What You Need To Know:
SOUTHLAND TALES uses the apocalypse described in the Book of Revelation as its starting point, but any resemblance to biblical truth ends there. The movie’s worldview is a New Age pagan mishmash with little common sense, and no proper theology. The problem is, the writer and director throws in too many bizarre ideas and strange characters, plus lots of strong foul language, crude sexual content and some strong violence. The result is scattered political and spiritual confusion, with no coherent clarity or redemptive morality.
(PaPaPa, C, CoCoCo, PCPC, Acap, AP, AbAb, RH, LLL, VV, SS, N, A, DD, MMM) Very strong, but often confused, syncretistic New Age pagan worldview with some references to Christianity and the Bible in an apocalyptic tale but no discernible biblical theology, plus very strong references to Marxist terrorists but movie seems ambivalent toward them, and some strong but confused politically correct content, including capitalist seems to be funding Marxists, some confused anti-Bush implications and rhetoric with a politically correct view that civil liberties are being eroded, at least two anti-Christian comments, and porn star complains about sexual repression and promotes sexual promiscuity, including making a nasty revisionist history attack on the Christian Pilgrims (but the woman’s a mindless porn star, so how serious are we to take her ignorant comments?); at least 104 obscenities, two strong profanities and three light profanities; strong violence with some blood includes shootout, pointblank shootings, explosion, and vehicles crashing; strong sexual content includes implied fornication and adultery, plus crude sexual comments and suggestive dancing; upper male nudity and female cleavage; alcohol use; smoking and drug use; and, kidnapping, lying, terrorism, promotion of promiscuity, and general moral, political, philosophical, biblical, and theological confusion with many themes and motifs left vague.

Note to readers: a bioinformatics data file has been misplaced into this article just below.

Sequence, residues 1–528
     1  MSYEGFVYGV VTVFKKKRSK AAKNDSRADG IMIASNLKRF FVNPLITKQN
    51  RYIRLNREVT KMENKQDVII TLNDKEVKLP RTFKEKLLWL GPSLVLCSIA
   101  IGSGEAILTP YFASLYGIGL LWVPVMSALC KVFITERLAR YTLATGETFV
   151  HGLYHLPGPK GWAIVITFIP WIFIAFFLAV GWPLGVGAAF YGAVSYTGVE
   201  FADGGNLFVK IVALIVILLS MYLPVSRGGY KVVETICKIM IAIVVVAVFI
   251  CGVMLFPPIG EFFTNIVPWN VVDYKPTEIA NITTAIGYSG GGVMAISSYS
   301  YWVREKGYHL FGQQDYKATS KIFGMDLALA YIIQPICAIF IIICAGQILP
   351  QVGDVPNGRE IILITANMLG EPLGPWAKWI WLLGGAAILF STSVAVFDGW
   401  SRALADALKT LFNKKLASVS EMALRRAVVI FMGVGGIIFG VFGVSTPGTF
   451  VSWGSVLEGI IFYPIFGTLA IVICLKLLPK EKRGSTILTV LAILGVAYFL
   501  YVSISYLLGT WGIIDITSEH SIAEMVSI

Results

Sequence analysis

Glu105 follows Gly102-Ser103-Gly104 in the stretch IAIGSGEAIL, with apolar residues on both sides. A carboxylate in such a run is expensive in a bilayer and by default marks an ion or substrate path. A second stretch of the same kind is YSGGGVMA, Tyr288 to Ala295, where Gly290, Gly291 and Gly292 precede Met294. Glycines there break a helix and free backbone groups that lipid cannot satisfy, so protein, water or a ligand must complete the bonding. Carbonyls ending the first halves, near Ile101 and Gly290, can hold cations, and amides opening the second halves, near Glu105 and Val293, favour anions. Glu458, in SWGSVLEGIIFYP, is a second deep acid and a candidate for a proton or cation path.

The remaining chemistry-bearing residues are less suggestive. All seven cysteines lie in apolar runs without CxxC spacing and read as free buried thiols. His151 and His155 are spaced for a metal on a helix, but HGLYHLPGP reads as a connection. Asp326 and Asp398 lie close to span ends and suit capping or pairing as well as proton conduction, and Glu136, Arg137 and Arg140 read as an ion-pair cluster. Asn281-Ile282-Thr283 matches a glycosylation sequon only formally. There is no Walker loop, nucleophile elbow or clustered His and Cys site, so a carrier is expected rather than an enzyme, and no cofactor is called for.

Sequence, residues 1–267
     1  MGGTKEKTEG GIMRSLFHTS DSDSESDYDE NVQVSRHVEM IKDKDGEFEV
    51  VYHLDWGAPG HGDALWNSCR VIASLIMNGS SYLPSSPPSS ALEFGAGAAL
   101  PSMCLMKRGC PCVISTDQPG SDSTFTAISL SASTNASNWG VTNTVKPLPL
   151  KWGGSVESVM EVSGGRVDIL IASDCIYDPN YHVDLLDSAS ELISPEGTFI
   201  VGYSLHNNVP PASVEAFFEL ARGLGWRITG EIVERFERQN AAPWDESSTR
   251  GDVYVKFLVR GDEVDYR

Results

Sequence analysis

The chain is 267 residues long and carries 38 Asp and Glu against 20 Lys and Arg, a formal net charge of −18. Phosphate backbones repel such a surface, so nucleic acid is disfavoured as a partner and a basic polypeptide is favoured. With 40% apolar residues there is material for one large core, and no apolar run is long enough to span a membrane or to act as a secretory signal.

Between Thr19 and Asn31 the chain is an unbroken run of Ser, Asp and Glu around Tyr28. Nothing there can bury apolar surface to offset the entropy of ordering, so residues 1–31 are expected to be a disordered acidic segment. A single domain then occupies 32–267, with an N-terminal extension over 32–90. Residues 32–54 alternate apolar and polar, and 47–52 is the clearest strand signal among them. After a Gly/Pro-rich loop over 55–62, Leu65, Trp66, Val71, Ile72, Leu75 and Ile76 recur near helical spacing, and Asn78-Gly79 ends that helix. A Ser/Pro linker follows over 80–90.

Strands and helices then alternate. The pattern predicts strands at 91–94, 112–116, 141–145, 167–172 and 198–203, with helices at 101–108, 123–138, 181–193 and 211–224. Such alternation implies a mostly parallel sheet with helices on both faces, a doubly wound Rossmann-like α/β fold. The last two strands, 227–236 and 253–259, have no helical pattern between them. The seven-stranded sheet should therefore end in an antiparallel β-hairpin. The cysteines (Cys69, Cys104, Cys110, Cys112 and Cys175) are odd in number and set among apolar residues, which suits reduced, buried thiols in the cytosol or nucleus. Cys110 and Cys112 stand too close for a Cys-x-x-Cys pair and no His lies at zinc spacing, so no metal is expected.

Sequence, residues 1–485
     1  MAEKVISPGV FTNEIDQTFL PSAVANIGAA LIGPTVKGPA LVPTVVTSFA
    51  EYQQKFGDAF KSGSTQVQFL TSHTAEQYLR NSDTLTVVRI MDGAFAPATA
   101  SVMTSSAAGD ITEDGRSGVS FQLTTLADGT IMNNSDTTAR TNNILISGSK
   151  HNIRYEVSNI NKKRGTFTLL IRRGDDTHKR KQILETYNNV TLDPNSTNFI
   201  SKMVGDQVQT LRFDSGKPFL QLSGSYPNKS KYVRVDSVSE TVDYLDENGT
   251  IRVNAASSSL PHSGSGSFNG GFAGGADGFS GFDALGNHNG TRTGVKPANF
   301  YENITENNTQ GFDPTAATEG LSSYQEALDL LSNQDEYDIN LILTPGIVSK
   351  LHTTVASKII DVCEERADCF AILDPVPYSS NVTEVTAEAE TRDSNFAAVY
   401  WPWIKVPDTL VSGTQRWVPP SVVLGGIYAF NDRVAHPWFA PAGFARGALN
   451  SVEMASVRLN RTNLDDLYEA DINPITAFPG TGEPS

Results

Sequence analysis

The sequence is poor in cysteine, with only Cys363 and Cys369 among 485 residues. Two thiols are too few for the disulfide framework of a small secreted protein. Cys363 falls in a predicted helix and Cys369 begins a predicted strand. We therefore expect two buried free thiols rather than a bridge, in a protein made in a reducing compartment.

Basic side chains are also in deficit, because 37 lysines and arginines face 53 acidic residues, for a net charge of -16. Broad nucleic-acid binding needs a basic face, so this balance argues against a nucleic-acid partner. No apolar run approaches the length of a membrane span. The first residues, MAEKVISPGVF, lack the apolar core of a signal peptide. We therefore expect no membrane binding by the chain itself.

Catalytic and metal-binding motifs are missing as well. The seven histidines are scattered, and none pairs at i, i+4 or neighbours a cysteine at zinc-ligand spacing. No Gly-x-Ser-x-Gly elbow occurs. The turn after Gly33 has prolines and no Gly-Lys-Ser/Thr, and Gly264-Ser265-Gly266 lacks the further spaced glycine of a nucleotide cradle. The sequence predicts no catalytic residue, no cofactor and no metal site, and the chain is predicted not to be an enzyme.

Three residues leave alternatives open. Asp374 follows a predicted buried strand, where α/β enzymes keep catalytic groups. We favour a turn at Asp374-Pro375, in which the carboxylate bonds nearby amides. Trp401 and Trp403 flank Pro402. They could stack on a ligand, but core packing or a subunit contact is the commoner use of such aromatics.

The title of this movie doesn’t begin to describe the bizarre story contained within it. Like the story, the characters and the themes, the title makes little sense.
Set in an alternate history occurring between 2005 and New Year’s Eve 2007, the story is an apocalyptic tale about a goofy capitalist, a movie star with amnesia kidnapped by Marxist-Leninist terrorists, a Republican running for president and his wife who heads up a secret spy agency, a policeman searching for his doppelganger twin, a singing drug dealer, a female porn star with her own Cable TV talk show, and the End of the World. The movie star, played by Dwayne “The Rock” Johnson, is the husband of the presidential candidate’s daughter. Their fates all converge at the unveiling of a huge zeppelin powered by the capitalist’s new energy source.
SOUTHLAND TALES uses the apocalypse described in the Book of Revelation as its starting point, but any resemblance to biblical truth ends there. The movie’s worldview otherwise is a New Age pagan mishmash with little moral sense or common sense. The funniest, most clever jokes are a couple arcane allusions to the work of Philip K. Dick, which this movie unsuccessfully tries to emulate. The problem is, writer and director Richard Kelly throws too many things into his story without rhyme or reason. Thus, the text seems dense, and it is, but the overall result is scattered confusion, not coherent clarity.
The movie also contains lots of strong foul language, crude sexual content and very strong violence.
When all is said and done, SOUTHLAND TALES is not worthy of being deciphered, even if this bizarre puzzle could be put together by someone. That is not true of the movie’s artistic hero, Philip K. Dick, who, in his more lucid ad provocative moments, is worth contemplating perhaps.